• At ORP sites, where non-food items (NFIs) or food rations are distributed, or during vaccination campaigns, etc.
  • In health facilities (clinics, as part of routine growth monitoring) or during outreach visits (for immunization or health education). 
  • Arrange special mass screenings when malnutrition rates are very high.

Referring children with acute malnutrition 

  • Locate the closest services that manage malnutrition in your community. They are usually run by the government or a non-governmental organization (NGO) out of health facilities, hospitals or mobile units. 
  • Check what type of services they provide and how families can be referred. Services may include: 
    - Therapeutic feeding for severe malnutrition (red MUAC, oedema). 
    - Supplementary feeding for moderate malnutrition (yellow MUAC).
  • Refer any child with oedema or a red/yellow MUAC to the closest health or nutrition centre. Some programmes provide referral papers for families.

What you can do

It is important to link up with the services that manage acute malnutrition. As volunteers you can play an important role in supporting these services, through the following activities: 

  • Community sensitization and mobilization. Inform members of the community about the signs of malnutrition, the services that are available, and who should receive care. Children who are identified early can be treated more easily and have a better chance of recovery. 
  • Screening. Measure the MUAC of children and test for oedema; pay special attention to children who are weak, thin or swollen. 
  • Referral. Children with red or yellow MUAC or oedema should be referred. Check that referred children go for care and follow up. 
  • Home visits. Check to ensure that medicines and nutrition supplements (paste or cereal) are given correctly. Encourage caregivers to continue treatment until the child is healthy. Nutrition supplements should not be shared with other family members or with the community but should be considered a medicine; sharing will slow the child’s recovery. Support families when parents cannot or refuse to visit the hospitals to which their children have been referred.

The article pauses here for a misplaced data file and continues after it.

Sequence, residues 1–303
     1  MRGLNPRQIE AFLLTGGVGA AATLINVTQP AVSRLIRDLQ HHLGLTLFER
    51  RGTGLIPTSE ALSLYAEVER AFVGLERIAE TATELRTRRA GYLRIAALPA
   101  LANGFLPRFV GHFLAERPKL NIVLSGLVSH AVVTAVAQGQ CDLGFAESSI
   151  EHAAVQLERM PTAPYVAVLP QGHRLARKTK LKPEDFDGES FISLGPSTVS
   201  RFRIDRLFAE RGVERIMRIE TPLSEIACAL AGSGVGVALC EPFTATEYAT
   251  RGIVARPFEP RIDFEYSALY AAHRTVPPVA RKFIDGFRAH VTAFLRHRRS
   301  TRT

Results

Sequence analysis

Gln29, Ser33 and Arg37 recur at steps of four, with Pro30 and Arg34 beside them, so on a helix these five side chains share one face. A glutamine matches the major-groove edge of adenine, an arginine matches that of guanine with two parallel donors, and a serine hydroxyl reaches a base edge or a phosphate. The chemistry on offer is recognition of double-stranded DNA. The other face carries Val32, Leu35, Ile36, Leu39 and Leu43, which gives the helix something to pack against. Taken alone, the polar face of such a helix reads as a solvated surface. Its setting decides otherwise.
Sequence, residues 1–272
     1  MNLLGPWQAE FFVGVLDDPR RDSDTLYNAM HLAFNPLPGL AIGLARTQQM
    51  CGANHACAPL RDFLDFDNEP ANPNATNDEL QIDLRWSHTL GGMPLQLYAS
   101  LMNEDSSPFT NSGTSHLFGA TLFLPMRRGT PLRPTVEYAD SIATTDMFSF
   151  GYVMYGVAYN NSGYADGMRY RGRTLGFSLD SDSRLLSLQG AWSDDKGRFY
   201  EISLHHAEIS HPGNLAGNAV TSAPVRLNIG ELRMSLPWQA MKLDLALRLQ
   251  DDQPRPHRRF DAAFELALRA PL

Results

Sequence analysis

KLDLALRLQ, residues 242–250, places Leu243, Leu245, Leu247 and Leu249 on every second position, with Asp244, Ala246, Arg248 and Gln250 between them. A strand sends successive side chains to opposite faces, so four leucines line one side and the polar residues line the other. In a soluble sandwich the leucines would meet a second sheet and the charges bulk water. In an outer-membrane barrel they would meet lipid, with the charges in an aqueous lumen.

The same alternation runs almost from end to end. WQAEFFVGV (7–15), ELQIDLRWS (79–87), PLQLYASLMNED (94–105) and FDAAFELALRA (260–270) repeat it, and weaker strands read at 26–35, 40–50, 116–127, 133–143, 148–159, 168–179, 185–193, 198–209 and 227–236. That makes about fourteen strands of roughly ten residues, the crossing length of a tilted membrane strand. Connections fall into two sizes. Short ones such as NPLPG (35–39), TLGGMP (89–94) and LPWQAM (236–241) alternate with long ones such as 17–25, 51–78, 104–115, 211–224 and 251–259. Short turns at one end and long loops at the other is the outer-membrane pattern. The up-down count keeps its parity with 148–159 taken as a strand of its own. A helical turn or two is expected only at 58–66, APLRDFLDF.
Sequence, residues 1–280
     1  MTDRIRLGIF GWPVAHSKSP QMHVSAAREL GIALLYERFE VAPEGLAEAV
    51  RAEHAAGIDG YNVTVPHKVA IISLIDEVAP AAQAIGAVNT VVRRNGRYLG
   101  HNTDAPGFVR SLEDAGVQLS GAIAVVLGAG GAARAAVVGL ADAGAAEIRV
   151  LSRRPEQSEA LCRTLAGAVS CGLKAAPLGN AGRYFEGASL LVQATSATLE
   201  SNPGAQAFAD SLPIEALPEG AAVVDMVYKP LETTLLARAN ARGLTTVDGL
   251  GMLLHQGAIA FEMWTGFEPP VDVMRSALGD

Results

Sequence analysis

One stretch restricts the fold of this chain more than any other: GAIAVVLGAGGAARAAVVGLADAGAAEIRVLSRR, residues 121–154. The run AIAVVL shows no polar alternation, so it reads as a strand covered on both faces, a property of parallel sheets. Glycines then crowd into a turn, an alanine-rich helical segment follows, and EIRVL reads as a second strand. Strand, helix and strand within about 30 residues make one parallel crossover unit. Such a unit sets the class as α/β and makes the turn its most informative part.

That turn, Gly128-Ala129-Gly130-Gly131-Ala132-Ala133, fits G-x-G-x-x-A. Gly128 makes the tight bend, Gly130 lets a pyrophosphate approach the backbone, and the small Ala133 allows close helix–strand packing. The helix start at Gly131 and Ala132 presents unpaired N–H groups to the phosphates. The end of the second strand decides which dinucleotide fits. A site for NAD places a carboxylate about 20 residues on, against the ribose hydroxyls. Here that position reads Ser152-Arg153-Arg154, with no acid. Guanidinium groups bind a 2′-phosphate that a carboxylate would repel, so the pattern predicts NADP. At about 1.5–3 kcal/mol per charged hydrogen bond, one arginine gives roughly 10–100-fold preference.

• Absent and defaulting children. Visit the homes of children who have missed treatment to find out why. Encourage them to return and continue care if they can. Give the health team the information you obtain and, if possible, try to link the health facility staff and the parents via phone, if they cannot or will not attend the centre. 
  • In-patient care. If a child is very sick and requires referral to an in-patient facility or hospital, assist the family to take the child. If the family refuses, visit at home and continue to encourage referral.

Community messages 

  • Explain to the community and community leaders that malnutrition weakens children, who are more likely to become sick.
  • Tell them (if services are available) that thin or swollen children can obtain treatment.Measuring acute malnutrition